The English are known for their propensity to collect eccentric things—tea cozies, snuffboxes, colonies. So it didn’t surprise me to learn that a British writer, Gavin Pretor-Pinney, was responsible for The Cloud Collector’s Handbook, a bewitching little book that has become the latest quirky hit.
I was telling my friend I was planning to write about how we see time. This was on my mind because of some pictures I saw in The New York Times of the remains of an eighteenth-century wooden ship that had been unearthed by construction workers at the World Trade Center site 30 feet below ground.
There she was for the whole world to see and hear: a young woman sobbing uncontrollably, completely vulnerable, screaming at her interlocutor on a cell phone, broadcasting the most intimate particulars of her private life on a crowded street in Greenwich Village on a bright Friday afternoon.
The weather during mid-summer in Manhattan is frequently unpleasant, particularly the viscosity of the air--the feeling that one is breathing and moving through water at least as much as air. Perhaps that is why today, as I was walking to the subway and feeling oppressed by the dull, cloudy light and the general muddiness of the atmosphere, I began to think, as a kind of consolation, of the glorious weather in September, when summer is ending and autumn has not yet taken its place.
The decorative arts have always been art history's attractive orphans. While many people have a great affection for certain textiles or ceramics, the scholarly world embraces such objects only fitfully, as if they were really somebody else's responsibility. And much of the attention that is given to the decorative arts—in the shelter magazines, in the auction catalogues, and in specialized studies of rococo hardware or medieval ceramic tiles—has an edge about it, a feverishness that can suggest overcompensation and even overkill.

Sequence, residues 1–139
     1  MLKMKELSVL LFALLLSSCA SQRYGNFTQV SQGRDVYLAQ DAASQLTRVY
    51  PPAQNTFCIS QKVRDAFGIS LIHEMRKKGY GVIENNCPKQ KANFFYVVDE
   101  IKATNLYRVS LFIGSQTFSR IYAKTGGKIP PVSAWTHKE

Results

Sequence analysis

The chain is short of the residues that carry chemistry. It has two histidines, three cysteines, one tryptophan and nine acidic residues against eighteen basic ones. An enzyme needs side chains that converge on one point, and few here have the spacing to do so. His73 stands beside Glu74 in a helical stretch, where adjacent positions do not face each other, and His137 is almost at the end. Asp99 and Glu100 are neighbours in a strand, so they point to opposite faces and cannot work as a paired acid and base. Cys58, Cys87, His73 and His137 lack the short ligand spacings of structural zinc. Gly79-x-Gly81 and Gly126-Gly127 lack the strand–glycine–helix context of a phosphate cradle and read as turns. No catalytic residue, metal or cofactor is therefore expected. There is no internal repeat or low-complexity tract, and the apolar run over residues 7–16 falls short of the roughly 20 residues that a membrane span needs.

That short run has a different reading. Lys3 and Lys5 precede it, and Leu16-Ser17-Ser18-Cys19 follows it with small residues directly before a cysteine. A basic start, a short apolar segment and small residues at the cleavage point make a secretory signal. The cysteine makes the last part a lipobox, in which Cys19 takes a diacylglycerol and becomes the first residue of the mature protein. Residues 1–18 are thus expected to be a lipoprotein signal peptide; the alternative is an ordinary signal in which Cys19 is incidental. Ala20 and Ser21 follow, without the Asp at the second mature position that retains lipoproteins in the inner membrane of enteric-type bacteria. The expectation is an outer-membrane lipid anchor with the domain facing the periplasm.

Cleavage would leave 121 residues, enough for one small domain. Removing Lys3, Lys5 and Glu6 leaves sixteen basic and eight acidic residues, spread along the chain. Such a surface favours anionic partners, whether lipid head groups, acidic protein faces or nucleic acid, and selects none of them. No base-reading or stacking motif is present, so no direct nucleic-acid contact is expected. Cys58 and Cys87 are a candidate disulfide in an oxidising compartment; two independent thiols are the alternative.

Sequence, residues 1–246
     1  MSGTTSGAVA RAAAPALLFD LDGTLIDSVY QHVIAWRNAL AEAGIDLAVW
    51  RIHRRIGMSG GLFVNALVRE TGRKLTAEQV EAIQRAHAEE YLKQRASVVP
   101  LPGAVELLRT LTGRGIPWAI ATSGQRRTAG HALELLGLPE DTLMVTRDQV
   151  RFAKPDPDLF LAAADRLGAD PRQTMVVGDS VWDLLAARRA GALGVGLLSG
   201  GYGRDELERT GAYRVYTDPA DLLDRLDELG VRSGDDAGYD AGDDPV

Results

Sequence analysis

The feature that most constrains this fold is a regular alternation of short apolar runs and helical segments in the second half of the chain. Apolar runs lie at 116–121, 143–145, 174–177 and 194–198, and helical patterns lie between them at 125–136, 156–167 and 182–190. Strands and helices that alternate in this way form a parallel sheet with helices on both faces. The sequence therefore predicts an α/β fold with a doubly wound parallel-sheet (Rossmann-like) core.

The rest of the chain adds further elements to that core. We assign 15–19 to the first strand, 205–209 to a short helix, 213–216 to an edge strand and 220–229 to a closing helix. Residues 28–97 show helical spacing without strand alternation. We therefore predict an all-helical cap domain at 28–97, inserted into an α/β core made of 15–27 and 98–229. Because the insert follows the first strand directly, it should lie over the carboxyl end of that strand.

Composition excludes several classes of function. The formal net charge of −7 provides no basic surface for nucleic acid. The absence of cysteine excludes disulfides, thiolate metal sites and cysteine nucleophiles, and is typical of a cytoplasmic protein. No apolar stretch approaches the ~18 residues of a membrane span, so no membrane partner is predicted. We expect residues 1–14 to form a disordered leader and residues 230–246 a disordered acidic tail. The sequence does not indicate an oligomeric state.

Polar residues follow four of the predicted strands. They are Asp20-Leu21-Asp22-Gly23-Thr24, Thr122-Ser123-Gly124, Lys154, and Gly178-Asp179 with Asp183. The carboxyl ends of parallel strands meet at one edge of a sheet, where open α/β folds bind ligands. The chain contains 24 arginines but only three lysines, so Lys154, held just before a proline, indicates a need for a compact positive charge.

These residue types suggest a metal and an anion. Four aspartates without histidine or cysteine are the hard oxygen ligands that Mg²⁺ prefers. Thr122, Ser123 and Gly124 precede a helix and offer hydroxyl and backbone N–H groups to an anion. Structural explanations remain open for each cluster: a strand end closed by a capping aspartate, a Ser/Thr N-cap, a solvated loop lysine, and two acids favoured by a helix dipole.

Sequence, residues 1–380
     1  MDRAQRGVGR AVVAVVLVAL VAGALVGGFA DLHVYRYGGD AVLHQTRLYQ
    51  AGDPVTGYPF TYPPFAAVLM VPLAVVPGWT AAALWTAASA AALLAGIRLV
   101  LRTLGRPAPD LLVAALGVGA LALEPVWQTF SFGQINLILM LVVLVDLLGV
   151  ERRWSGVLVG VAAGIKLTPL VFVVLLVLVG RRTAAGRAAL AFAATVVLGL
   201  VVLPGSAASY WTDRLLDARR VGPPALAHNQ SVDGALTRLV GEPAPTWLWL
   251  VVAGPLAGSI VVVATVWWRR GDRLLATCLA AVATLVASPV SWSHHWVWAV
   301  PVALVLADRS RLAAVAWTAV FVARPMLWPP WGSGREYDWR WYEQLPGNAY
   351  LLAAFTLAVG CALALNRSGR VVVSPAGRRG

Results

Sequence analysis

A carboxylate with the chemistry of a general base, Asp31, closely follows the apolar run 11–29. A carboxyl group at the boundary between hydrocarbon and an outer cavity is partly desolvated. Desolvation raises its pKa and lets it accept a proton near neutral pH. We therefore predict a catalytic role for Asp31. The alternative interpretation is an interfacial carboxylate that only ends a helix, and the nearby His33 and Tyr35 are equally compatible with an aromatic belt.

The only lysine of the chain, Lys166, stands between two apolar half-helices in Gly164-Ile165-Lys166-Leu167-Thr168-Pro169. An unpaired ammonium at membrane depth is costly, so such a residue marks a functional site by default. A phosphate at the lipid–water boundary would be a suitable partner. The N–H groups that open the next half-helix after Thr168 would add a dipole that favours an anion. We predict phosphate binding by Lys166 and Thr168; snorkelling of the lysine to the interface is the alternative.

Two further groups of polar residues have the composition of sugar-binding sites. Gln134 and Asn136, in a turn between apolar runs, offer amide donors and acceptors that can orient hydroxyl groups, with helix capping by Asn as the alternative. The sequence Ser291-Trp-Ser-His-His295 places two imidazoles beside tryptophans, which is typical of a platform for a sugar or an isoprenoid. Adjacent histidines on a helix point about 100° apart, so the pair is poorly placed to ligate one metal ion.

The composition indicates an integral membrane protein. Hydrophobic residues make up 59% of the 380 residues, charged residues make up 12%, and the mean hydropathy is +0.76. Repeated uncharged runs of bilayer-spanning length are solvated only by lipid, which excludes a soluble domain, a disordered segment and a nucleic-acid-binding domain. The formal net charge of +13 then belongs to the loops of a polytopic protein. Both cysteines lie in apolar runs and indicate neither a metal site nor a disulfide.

The other day, as I was walking to the grocery store, I strategically moved toward the far edge of the sidewalk to put distance between myself and a pile of large, black trash bags haphazardly stacked against the side of a building. This sight is common in downtown Manhattan, as was the rustling I heard among the bags, which nevertheless made me start. Rats or mice, I thought, as I instinctively crossed the street to avoid them, but it was still light out, too early, it seemed to me, for these nocturnal creatures to be rummaging for food.
Walking down the streets of Soho these days, one rarely sees the light of day or feels the warmth of the sun, which is no small thing now that the low, yet constant, light of autumn has given way to the even lower and more fleeting light of winter. The cause of this unnatural darkness is scaffolding. On some streets in my neighborhood, so many buildings are being restored that the scaffolding forms a continuous overhang--a sort of ugly, makeshift arcade--stretching almost an entire block.
John Ruskin: The Later Years by Tim Hilton (Yale University Press, 656 pp., $35) In the second volume of John Ruskin's three-volume study The Stones of Venice, which appeared in 1853, there is a chapter titled "The Nature of Gothic." It opens conventionally enough, with Ruskin promising to describe the "characteristic or moral elements" of the Gothic; but readers who were familiar with Ruskin's earlier works, Modern Painters and The Seven Lamps of Architecture, and who had been dazzled by his word-pictures of works of art and scenes of nature, could not possibly have expected a straightforwar
Henry Wadsworth Longfellow: Poems and Other Writings edited by J.D. McClatchy (The Library of America, 854 pp., $35) With the publication of F.O. Matthiessen's hugely influential American Renaissance in 1941, the modern-day pantheon of nineteenth-century American writers was established: Emerson, Thoreau, Hawthorne, Melville, Whitman. The only other writer to be admitted into this select company has been Emily Dickinson, a recluse who published only seven poems in her own time and was virtually unknown.